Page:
Image from Unsplash.com

Over the years, there has been a shift in the sequence of marriage and parenthood. Remember the rhyme?

“First comes love, then comes marriage, then comes baby in the baby carriage…”

Not so – at least anymore. In fact, 57 percent of mothers between the age of 26 and 31 are unmarried when their child is born.

While you may think this is the “new normal,” it isn’t the norm for everyone.

A study by Andrew Cherlin at Johns Hopkins University shows that a college education has become more than a pathway to higher paying jobs. A college education is now a definitive factor in childbearing. Of mothers without a high school diploma, 63 percent of births occur outside of marriage. Among college-educated young women, 71 percent of births occur within marriage.

How does this trend affect children?

Research shows that this set of circumstances creates two distinct paths for children where marriage and education are the deciding factors. When children grow up in a home with their two married parents, they are more likely to experience a stable environment with access to an array of resources and educational opportunities.

In a non-married home, children are less likely to grow up with stability or opportunity to access the same type of resources.

Children from single-parent homes are five times more likely to experience poverty. But, children who grow up with their married parents in low-income homes are at far less risk of being poor.

Children need stability.

But in an interview with the news site, Vox, Cherlin shared his concern about the stability of family lives for children. Cohabiting unions typically break up at higher rates than marriages. About half of all cohabiting couples will either marry or break up within two years. Those who break up will likely create more cohabiting unions – and creating more instability.

If you believe that people with a high school diploma or less are not as likely to want marriage, think again. Katheryn Edin’s research (Promises I Can Keep) with 150 low-income women clearly indicates that these women want marriage, but they have to wait to find the right person to marry. However, getting pregnant is something they can do right away.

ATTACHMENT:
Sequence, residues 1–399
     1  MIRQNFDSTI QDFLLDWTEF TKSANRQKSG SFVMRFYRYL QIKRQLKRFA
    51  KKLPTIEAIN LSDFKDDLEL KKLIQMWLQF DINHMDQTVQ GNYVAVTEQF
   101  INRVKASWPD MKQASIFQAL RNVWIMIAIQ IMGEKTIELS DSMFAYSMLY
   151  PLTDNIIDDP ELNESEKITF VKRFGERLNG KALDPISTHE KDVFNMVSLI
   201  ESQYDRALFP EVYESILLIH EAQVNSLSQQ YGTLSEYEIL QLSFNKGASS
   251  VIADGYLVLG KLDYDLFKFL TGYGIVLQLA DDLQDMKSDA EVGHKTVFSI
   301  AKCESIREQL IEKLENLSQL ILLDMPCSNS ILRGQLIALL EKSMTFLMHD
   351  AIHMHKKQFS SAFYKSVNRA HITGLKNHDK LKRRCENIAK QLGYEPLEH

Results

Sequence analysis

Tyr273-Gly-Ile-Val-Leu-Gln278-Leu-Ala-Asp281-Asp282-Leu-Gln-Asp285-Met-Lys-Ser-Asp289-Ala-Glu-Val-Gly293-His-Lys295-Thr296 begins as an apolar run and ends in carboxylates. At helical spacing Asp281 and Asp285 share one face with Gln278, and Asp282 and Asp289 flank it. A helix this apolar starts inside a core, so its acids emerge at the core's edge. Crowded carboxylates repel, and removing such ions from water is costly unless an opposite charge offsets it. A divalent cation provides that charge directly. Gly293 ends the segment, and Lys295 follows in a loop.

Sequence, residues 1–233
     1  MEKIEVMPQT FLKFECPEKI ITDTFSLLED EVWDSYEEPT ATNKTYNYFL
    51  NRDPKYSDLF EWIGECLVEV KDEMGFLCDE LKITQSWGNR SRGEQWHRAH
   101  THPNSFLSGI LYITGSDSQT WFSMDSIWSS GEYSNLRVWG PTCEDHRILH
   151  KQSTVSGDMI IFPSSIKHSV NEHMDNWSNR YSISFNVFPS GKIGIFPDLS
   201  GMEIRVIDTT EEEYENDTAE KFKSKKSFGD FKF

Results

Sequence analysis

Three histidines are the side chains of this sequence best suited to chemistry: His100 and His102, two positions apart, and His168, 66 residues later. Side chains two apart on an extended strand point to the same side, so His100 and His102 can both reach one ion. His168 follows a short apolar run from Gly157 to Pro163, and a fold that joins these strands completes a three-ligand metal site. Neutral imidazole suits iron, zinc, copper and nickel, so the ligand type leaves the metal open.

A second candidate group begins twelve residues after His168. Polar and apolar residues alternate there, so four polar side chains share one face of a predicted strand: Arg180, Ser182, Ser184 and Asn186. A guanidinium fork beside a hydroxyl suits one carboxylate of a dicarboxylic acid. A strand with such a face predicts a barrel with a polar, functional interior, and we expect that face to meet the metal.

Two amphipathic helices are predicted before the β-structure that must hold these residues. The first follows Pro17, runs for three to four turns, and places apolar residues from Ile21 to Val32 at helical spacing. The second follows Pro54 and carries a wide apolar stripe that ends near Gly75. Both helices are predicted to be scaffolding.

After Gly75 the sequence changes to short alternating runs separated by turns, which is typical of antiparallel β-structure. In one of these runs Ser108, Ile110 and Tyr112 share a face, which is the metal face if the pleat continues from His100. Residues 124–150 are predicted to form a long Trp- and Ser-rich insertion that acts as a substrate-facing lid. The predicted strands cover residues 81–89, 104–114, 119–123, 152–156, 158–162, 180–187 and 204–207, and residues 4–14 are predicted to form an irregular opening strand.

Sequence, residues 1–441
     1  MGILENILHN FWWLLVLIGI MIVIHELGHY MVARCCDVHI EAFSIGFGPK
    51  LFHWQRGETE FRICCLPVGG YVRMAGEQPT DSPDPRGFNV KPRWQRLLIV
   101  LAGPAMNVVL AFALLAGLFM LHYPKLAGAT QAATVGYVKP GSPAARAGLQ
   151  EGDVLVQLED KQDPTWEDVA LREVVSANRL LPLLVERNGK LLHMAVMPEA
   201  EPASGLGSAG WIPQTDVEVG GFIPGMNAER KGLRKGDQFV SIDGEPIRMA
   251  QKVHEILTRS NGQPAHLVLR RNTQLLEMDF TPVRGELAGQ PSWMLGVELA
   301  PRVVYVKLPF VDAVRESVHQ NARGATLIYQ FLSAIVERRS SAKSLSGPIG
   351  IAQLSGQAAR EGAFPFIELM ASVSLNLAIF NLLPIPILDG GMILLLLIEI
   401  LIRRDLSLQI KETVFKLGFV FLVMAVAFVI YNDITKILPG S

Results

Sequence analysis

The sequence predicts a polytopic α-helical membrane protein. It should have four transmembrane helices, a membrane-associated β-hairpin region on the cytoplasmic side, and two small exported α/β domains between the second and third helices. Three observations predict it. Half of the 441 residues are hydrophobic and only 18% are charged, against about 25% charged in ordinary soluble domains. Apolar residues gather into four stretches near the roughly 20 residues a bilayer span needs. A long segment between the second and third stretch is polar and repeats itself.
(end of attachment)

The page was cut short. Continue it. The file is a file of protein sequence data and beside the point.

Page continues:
Most teens (74%) see marriage and children in their future – in that order. This is according to a June 2014 National Campaign to Prevent Teen and Unwanted Pregnancies report.

Clearly, there is a disconnect concerning the significance of marriage and its impact on child well-being. Our society often emphasizes the importance of higher education for young people. It usually fails to address, however, the sequencing for success and the significance of marriage.

There are profoundly different outcomes for children when people attain higher education, work full time, marry and then start families.

Their chances of living in poverty drop from 12 percent to 2 percent. Also, the chances of joining the middle class move from 56 percent to 74 percent. Imagine how future generations would be impacted if more people realized the benefits of following this “success sequence.”

 ***If you or someone you know is in an abusive relationship, contact the National Hotline for Domestic Abuse. At this link, you can access a private chat with someone who can help you 24/7. If you fear your computer or device is being monitored, call the hotline 24/7 at: 1−800−799−7233. For a clear understanding of what defines an abusive relationship, click here.***

Does marriage matter? People have been asking this question for decades. For Richer, For Poorer: How Family Structures Economic Success in America examined how family structure impacts the economic fortunes of American families. Dr. Brad Wilcox, senior fellow at the Institute for Family Studies and Robert Lerman, professor of economics at American University, conducted the research.

They concluded that marriage is key to productive adulthood, stable families and healthy communities.

Five significant findings emerged from this study about the relationships between family patterns and economic well-being in America:

  • The retreat from marriage is key to the changing economic fortunes of American family life. The median income of families with children would be approximately 44% higher if the United States enjoyed 1980-levels of married parenthood today.
  • Strong associations exist between growing up with both parents in an intact family and higher levels of education, work and income. Young men and women from intact families enjoy an annual “intact family premium.” The premium amounts to $6,500 and $4,700, respectively, over the incomes of their peers from single-parent families.
  • Men obtain a substantial “marriage premium” and women bear no marriage penalty to their individual incomes. Plus, both men and women enjoy substantially higher family incomes compared to peers with otherwise similar characteristics.
  • Growing up with both parents increases the odds of attaining higher education. Higher education leads to higher odds of marriage as an adult. Both the extra education and marriage result in higher income levels. Men and women from intact families who are currently married enjoy an annual “family premium” in their household income. The premium exceeds that of their single peers from in non-intact families by at least $42,000.